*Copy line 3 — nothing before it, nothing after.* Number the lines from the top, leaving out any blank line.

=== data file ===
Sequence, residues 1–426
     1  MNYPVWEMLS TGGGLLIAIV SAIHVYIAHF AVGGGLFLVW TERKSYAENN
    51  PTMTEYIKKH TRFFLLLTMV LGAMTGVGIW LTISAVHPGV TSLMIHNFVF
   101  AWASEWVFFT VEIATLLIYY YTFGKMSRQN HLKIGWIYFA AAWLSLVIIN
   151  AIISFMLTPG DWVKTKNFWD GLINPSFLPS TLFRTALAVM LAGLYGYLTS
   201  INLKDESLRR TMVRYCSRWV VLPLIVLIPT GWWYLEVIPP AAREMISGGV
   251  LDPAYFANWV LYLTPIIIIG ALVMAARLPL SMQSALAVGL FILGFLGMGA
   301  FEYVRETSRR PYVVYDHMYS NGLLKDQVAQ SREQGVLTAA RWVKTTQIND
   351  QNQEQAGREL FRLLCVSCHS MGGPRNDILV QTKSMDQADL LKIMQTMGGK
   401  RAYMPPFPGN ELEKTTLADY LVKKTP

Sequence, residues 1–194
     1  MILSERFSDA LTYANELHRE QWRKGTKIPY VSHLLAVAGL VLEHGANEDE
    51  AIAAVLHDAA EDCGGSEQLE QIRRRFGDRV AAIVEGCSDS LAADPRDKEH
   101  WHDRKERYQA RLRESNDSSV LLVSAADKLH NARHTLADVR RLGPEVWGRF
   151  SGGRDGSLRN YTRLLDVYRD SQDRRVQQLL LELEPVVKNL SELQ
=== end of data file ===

    51  PTMTEYIKKH TRFFLLLTMV LGAMTGVGIW LTISAVHPGV TSLMIHNFVF